It's important to note that workers' compensation laws vary significantly by state, and there may be exceptions or additional exclusions depending on the local legal framework. 

Employers and employees should familiarize themselves with their state's specific rules and coverage details to fully understand what is and isn't covered under workers' compensation.

Who needs workers' compensation insurance?

In most states, the requirement for workers' compensation insurance applies to nearly all businesses that have employees.

Specific rules can vary by state, including: 

  • the minimum number of employees needed to mandate coverage
  • exemptions for certain types of workers (like independent contractors)
  • differences in coverage for specific industries 

It's crucial for business owners to check their state's regulations to understand their obligations and ensure they comply.

Who is covered by workers' compensation? Who is exempt from workers' compensation?

In most states, a business with full-time employees will need workers' comp coverage to protect them. 

Workers' comp exemptions vary from state to state. Numerous factors can also determine who is exempt, such as the type of job someone has and the size of the company.

Independent contractors are responsible for their insurance coverage, including workers' comp, health and liability insurance. 

How do I get workers' compensation insurance?

Employers can obtain coverage by either buying workers' comp with the help of an insurance agent or directly through an insurer's online application.

When selecting a workers' compensation insurance provider, consider factors such as the provider's experience in the industry, financial stability, coverage options, claims process, customer service, and cost. 

We recommend requesting multiple quotes and comparing the offerings before making a decision.

Covering your business and employees with a hard-working partner — like EverPeak — brings peace of mind so you can focus on your bottom line.

EverPeak Insurance Services assumes no responsibility for the management or control of customer safety activities. Please ensure your business meets the requirements of all federal, state, and local laws, regulations, or ordinances related to workplace safety.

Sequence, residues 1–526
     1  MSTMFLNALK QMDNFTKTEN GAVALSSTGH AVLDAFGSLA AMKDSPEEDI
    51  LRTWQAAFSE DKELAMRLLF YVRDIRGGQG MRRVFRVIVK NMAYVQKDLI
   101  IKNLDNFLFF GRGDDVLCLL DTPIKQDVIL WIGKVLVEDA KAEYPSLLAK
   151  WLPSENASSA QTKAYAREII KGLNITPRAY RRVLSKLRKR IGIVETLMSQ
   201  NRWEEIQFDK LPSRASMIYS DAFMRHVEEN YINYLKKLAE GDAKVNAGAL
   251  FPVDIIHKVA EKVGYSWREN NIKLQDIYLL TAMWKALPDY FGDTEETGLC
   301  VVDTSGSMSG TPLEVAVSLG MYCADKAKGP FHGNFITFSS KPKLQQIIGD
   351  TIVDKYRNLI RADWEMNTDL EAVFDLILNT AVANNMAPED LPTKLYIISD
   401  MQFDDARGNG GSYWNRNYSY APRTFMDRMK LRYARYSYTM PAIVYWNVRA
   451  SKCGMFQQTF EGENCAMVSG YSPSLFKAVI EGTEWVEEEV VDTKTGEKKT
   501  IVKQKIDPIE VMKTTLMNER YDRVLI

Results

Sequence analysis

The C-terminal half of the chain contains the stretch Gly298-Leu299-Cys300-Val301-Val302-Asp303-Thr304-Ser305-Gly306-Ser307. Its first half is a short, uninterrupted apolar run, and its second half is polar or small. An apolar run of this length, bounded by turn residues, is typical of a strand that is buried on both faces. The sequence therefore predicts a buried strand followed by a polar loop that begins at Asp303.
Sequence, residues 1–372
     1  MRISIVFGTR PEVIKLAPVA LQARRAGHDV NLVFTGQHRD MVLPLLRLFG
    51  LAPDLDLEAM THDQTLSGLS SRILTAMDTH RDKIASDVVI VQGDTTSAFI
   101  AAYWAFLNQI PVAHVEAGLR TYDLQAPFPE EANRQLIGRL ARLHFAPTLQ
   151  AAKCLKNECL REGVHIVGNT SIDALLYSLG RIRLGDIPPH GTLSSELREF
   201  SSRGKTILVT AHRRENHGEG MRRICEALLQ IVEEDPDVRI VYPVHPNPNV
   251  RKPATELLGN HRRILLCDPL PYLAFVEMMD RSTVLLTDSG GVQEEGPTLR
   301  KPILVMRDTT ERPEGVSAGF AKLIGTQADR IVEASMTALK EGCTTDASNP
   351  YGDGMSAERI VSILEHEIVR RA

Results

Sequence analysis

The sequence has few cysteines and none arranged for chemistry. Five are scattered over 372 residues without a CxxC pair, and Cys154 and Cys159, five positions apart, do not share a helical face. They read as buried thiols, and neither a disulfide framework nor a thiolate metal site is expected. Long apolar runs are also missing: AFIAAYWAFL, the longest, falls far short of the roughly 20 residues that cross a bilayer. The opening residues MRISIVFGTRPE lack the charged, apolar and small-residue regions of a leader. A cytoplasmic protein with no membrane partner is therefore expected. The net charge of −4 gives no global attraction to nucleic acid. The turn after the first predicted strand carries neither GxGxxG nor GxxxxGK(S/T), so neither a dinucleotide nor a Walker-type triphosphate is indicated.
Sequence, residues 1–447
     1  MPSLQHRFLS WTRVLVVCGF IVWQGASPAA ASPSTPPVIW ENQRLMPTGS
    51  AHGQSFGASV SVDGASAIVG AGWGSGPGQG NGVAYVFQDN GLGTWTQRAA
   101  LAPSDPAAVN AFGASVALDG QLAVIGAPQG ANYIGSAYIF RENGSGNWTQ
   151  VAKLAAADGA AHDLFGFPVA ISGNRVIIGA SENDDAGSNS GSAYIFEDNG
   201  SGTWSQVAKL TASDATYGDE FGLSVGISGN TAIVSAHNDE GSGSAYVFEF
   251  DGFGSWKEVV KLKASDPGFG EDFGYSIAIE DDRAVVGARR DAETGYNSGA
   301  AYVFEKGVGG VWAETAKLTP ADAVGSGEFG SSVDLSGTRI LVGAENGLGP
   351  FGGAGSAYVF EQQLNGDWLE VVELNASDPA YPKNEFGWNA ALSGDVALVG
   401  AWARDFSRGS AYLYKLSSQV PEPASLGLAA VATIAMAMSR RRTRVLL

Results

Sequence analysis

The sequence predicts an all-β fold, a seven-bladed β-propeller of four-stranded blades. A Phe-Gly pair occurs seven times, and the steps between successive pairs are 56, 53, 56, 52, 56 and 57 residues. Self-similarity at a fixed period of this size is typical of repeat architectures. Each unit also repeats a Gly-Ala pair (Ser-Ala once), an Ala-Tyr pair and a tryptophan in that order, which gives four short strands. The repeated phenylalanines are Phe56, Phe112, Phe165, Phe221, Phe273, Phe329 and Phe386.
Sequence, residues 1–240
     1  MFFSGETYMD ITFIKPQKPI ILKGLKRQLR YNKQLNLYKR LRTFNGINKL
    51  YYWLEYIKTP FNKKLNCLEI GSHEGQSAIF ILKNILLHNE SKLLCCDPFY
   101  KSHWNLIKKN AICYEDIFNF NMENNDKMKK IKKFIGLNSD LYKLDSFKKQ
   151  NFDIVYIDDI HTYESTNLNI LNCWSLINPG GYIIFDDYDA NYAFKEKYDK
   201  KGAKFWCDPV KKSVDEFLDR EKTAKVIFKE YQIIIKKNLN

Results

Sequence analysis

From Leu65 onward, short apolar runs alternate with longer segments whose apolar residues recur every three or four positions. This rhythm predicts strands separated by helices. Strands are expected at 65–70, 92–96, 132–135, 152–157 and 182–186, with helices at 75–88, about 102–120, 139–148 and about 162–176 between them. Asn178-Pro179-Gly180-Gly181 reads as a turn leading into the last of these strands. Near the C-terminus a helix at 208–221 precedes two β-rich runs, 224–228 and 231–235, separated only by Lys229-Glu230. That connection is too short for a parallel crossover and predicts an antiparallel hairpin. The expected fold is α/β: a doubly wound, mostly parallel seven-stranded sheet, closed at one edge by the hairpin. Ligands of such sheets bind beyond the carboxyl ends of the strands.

Coverage built to last

Find peace of mind with business protection that puts you first.

Media inquiries

For all media inquiries, contact Liz Johnson, Public Relations Director:

Be the first to know

Stay up to date with insights and updates from EverPeak delivered straight to your inbox.

Thank you! Your submission has been received!
Oops! Something went wrong while submitting the form.

By subscribing, you agree to our terms of use

2 older men hunched over a work table in a shop discussing a project.

Frequently Asked Questions

Find answers to commonly asked questions about workers’ compensation.

What is workers' compensation?
Workers’ compensation is a form of insurance that benefits employers and employees in the case of a work-related injury or illness.
Who is required to carry workers’ comp?
Workers’ compensation laws vary by state, so it’s important to know your state’s requirements. In many states, workers’ compensation is required for employers with one or more employees.
What benefits are available?
Workers’ compensation can include medical care, lost wages and death benefits. Workers' compensation coverage may also safeguard businesses from legal action if an employee experiences a work-related injury or illness.
Who pays for workers’ comp?
The employer is responsible for purchasing and maintaining workers’ compensation coverage.
How much does workers’ compensation insurance cost?
Workers’ compensation premiums are based on factors such as payroll, industry and claims history, so premiums vary between businesses.